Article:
Figure 5. The number and function of lymphocytes in different disease models. (A) Scatter plots showing the number and function of CD4+, CD8+ T cells, and NK cells in patients with hypoproteinemia (n=58), diabetes (n=40), lung cancer (n=37), post-chemotherapy (n=32), uremia (n=33), kidney transplantation (n=61), hepatic failure (n=49), liver transplantation (n=33), and matched healthy controls. (B) Scatter plots showing the number and function of CD4+, CD8+ T cells, and NK cells in patients with SLE (n=33), RA (n=30), MCTD (n=31), UC (n=31), SS (n=30), AIH (n=30), and matched healthy controls. (C) Scatter plots showing the number and function of CD4+, CD8+ T cells, and NK cells in patients with aspergillus infection (n=22), HPV infection (n=38), TP infection (n=34), HIV infection (n=19), PC infection (n=31), CN infection (n=11), and matched healthy controls. Horizontal lines indicate the median. *P < 0.05, **P < 0.01, ***P < 0.001 (Mann–Whitney U-test). SLE, systemic lupus erythematosus; RA, rheumatoid arthritis; MCTD, mixed connective tissue diseases; UC, ulcerative colitis; SS, Sjögren syndrome; AIH, autoimmune hepatitis; HPV, human papillomavirus; TP, Treponema pallidum; HIV, human immunodeficiency virus; PC, Pneumocystis carinii; CN, Cryptococcus neoformans.

Patients with autoimmune diseases including systemic lupus erythematosus (SLE) or autoimmune hepatitis (AIH) showed significantly lower number of CD4+ T cells than healthy controls, while the number of CD4+ T cells in patients with rheumatoid arthritis (RA), mixed connective tissue disease (MCTD), Sjögren syndrome (SS), or ulcerative colitis (UC) was normal. Patients with SLE or SS showed significantly higher number of CD8+ T cells than healthy controls, while the number of CD8+ T cells in patients with RA, MCTD, UC, or AIH was normal. On the other hand, the function of CD4+ and CD8+ T cells in patients with most autoimmune diseases was significantly increased compared with that in healthy controls. Differently, patients with all these autoimmune diseases showed both significantly lower number and lower function of NK cells than healthy controls (Figure 5B).

Patients with opportunistic infections such as human papillomavirus (HPV), HIV, aspergillus, Pneumocystis carinii (PC), and Cryptococcus neoformans (CN) infection showed significantly lower number of CD4+ T cells and NK cells than healthy controls. In contrast, the number of CD8+ T cells in patients with HIV infection was significantly increased compared with that in healthy controls. On the other hand, patients with infectious diseases such as HPV, Treponema pallidum (TP), and aspergillus infection showed significantly lower function of CD4+ and CD8+ T cells than healthy controls. Although a decreased trend was found in CD4+ and CD8+ T cell function in patients with HIV, PC, and CN infection, no significant difference was observed between these patients and healthy controls (Figure 5C).

Monitoring of the number and function of lymphocytes in kidney transplant recipients

A total of 35 (male, 65.71%) patients who underwent kidney transplantation were recruited and followed up for 6 months after transplantation. Demographic and clinical characteristics of these transplant recipients are shown in Supplementary Table 5.

Of 35 transplant recipients, 30 were in a stable state. In these patients, the number of CD4+, CD8+ T cells, and NK cells was significantly decreased after 2 weeks of transplantation compared with that of pretransplantation. Then, the number of CD4+, CD8+ T cells, and NK cells was gradually increased. At 6 months post-transplantation, the number of these cells was significantly higher than that of pretransplantation. Similarly, the function of CD4+, CD8+ T cells, and NK cells was also significantly decreased after 2 weeks of transplantation compared with that of pretransplantation and then gradually restored (Figure 6A). The results of the number and function of 30 recipients with stable state are shown in Supplementary Figure 3.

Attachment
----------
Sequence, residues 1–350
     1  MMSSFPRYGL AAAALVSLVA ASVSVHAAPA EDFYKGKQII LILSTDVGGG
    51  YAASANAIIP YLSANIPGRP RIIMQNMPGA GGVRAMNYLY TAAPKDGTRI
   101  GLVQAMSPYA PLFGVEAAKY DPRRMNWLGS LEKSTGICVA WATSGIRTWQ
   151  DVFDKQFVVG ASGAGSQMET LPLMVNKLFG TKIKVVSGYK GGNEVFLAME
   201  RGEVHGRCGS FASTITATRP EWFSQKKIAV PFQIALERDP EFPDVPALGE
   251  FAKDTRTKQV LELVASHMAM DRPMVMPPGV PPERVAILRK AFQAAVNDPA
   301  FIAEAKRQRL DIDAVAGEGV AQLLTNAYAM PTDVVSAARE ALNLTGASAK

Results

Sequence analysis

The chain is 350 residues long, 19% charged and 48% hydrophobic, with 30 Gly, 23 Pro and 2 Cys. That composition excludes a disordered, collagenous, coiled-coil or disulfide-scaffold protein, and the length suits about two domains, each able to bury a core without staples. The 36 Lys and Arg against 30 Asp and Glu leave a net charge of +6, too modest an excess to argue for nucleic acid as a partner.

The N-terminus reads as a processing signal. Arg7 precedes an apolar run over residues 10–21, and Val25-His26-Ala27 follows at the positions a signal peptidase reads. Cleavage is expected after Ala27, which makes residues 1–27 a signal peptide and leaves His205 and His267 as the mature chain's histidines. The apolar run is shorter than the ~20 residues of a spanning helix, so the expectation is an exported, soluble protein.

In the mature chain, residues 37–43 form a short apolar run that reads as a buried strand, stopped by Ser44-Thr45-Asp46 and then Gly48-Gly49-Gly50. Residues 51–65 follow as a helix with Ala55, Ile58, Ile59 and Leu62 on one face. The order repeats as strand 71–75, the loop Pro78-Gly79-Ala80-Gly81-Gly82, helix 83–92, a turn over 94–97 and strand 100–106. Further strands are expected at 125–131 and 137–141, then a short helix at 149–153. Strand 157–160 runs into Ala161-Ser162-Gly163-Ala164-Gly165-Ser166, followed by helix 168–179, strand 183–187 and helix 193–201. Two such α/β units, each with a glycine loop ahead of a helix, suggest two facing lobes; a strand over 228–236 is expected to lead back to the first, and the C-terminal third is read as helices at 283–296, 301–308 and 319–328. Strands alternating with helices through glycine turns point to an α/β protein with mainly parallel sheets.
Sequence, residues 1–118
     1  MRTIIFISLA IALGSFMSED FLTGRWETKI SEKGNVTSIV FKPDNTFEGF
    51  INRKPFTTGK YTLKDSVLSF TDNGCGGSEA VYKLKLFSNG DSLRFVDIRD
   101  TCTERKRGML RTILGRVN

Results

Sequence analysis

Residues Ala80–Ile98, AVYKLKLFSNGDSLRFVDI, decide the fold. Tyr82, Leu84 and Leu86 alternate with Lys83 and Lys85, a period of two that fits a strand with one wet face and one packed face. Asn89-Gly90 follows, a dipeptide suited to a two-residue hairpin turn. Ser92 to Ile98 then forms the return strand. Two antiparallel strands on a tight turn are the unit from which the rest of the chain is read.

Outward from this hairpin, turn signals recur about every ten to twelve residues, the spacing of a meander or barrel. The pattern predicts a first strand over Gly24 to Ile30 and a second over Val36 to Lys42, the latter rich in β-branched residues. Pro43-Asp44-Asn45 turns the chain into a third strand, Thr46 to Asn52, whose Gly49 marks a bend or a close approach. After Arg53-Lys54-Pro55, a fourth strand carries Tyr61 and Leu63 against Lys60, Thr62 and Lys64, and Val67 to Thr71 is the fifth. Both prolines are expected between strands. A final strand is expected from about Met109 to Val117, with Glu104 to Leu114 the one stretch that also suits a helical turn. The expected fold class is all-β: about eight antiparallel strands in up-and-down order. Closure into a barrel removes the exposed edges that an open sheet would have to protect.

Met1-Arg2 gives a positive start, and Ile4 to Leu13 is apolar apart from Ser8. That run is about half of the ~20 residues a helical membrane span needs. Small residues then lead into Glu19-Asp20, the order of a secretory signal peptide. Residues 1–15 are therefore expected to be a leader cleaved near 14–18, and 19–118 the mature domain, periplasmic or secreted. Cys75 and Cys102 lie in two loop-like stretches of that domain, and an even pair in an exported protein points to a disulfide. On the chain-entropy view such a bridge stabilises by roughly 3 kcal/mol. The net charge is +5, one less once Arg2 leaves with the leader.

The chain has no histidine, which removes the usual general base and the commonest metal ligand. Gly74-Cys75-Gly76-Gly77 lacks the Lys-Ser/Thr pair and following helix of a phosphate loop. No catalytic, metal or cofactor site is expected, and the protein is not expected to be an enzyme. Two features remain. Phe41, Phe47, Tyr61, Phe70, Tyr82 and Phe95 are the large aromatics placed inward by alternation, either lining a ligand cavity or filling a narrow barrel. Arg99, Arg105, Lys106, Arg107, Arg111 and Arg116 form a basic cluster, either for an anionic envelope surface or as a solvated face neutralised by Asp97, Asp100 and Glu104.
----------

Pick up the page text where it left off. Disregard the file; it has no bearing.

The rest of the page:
The number and function of lymphocytes in transplant recipients at different time points. (A) Scatter plots showing the number and function of CD4+, CD8+ T cells, and NK cells in stable group (n=30) at pretransplantation, 2 weeks, 1 month, 2 months, and 6 months after transplantation. Horizontal lines indicate the median. *P P P #P ##P ###P B) Line diagrams showing the number and function of CD4+, CD8+ T cells, and NK cells at different days after transplantation in 1 rejection patient. (C) Line diagrams showing the number and function of CD4+, CD8+ T cells, and NK cells at different days after transplantation in 4 infection patients.

Figure 6. The number and function of lymphocytes in transplant recipients at different time points. (A) Scatter plots showing the number and function of CD4+, CD8+ T cells, and NK cells in stable group (n=30) at pretransplantation, 2 weeks, 1 month, 2 months, and 6 months after transplantation. Horizontal lines indicate the median. *P < 0.05, **P < 0.01, ***P < 0.001 (Wilcoxon test) (compared with pretransplantation). #P < 0.05, ##P < 0.01, ###P < 0.001 (Wilcoxon test) (compared with 2 weeks after transplantation). (B) Line diagrams showing the number and function of CD4+, CD8+ T cells, and NK cells at different days after transplantation in 1 rejection patient. (C) Line diagrams showing the number and function of CD4+, CD8+ T cells, and NK cells at different days after transplantation in 4 infection patients.

Acute rejection occurred in one transplant recipient (patient 31) approximately at 5 months post-transplantation. The number of CD4+ and CD8+ T cells was increased at the time of rejection compared with at 2 months post-transplantation. The function of CD4+ T cells also had an increased trend when rejection occurred, while the function of CD8+ T cells and NK cells seemed to have no change. After 5 days of anti-rejection treatment, the number and function of CD4+, CD8+ T cells, and NK cells were all obviously decreased (Figure 6B).